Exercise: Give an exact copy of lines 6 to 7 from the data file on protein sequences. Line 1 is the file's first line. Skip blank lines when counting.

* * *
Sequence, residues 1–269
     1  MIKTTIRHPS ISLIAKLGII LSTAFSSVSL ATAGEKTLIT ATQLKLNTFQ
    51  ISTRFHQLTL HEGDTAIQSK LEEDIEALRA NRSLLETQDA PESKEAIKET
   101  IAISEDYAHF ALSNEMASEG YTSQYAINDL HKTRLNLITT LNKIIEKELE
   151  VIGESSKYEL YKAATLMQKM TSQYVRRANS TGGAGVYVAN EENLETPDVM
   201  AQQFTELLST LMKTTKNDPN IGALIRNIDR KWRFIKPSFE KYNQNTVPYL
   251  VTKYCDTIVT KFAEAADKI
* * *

   201  AQQFTELLST LMKTTKNDPN IGALIRNIDR KWRFIKPSFE KYNQNTVPYL
   251  VTKYCDTIVT KFAEAADKI